Following them are some legacy media websites: BBC, The New York Times and The Guardian.

A few of the 40 most-shared news websites on Facebook.

Earlier: Huffington Post dominates Facebook’s most-shared politics stories last year | With ‘frictionless sharing,’ Facebook and news orgs push boundaries of online privacyRead more

Tools:
1 Comment
moderator

How the Huffington Post handles 70+ million comments a year

The Huffington Post has accumulated more than 70 million comments so far this year, far surpassing the 2011 total of 54 million.

To take a single example, its post (the first published) with the now-famous video of Mitt Romney’s “47 percent” comments attracted a mind-blowing 171,753 comments.

All news sites struggle with user comments in some way or another, but moderating this enormous volume of messages is a unique test of whether online conversations as we know them — a dozen people making a few points on a blog post or article — can scale infinitely larger without collapsing into cacophony.

User comments on Huffington Post articles have surged over the years, to about 8 million in July and 9 million (not pictured) in August.
Read more
Tools:
5 Comments

Huffington Post, Newsweek use coat-hanger imagery for GOP platform

On Tuesday the Republican Party approved a plank to its convention platform opposing abortion in all cases.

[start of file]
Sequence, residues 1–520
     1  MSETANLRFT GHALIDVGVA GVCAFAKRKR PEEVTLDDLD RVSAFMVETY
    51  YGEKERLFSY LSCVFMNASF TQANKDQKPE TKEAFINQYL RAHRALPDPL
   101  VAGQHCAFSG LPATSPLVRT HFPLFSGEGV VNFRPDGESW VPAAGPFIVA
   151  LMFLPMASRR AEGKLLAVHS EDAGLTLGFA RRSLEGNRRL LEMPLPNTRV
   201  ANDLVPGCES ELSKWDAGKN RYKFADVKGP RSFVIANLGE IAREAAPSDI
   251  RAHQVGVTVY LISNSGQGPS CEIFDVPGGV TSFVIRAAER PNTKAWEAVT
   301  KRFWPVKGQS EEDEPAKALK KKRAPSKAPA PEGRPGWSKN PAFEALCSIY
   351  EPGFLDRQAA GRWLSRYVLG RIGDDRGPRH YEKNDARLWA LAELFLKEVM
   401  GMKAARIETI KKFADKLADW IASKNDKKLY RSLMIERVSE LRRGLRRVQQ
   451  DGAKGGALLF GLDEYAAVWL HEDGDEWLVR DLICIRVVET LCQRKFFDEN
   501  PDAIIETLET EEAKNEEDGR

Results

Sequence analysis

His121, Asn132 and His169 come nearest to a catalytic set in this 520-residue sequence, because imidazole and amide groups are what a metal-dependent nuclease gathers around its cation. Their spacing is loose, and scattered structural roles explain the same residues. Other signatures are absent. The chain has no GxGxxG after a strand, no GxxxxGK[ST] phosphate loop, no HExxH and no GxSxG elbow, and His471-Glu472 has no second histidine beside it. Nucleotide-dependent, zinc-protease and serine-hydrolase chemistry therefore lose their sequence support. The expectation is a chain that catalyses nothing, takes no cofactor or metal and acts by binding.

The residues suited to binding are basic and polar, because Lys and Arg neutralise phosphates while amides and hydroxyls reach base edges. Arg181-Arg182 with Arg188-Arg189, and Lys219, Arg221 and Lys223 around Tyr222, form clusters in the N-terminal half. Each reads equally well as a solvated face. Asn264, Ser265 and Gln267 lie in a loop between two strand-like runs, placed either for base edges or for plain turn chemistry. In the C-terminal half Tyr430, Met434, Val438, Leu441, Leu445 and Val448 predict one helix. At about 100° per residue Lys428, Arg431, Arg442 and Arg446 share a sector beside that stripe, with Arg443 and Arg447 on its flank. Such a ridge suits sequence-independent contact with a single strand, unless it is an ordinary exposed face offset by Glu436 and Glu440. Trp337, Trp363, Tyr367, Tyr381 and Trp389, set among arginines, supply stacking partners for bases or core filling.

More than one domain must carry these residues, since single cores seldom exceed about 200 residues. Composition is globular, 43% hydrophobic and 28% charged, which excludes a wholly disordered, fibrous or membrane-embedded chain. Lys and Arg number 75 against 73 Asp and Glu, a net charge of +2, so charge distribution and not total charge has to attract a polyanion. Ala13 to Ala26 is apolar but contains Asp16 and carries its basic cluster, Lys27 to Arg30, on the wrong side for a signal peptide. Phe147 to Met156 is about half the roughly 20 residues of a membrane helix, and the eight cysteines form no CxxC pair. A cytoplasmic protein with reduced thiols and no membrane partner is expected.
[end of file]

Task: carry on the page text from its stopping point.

The Huffington Post responded with an arresting homepage image:

As Erik Wemple reported first, HuffPost front-page editor Whitney Snyder and senior editor Danny Shea conceived the idea, which Arianna Huffington “loved.” Reached by phone, founding editor Roy Sekoff said the image “went right up to the line of offensive” and reminded him of George Lois’ classic Esquire covers and that he wants the site’s “tops” to have “the same power.” … Read more

Tools:
2 Comments

Huffington iPad mag stops charging, renewing concern about readers’ willingness to pay

Capital New York | GigaOM
The Huffington Post’s new weekly iPad magazine — originally priced at 99 cents / $1.99 a month / $19.99 a year — is dropping its price to zero after five issues, Joe Pompeo reports. AOL claims about 115,000 downloads of the app, Pompeo writes, but it wasn’t clear how many of those ever paid for an issue (the first month came free).

The moves comes shortly after The Daily, News Corp.’s iPad-only newsmagazine, laid off 50 staffers and scaled back content.

Mathew Ingram’s analysis is that single-source apps “don’t fit the way content works anymore”:

Whether media companies like it or not (and they mostly don’t), much of the news and other content we consume now comes via links shared through Twitter and Facebook and other networks, or through old-fashioned aggregators — such as Yahoo News or Google News — and newer ones like Flipboard and Zite and Prismatic that are tailored to mobile devices and a socially-driven news experience.

Read more
Tools:
0 Comments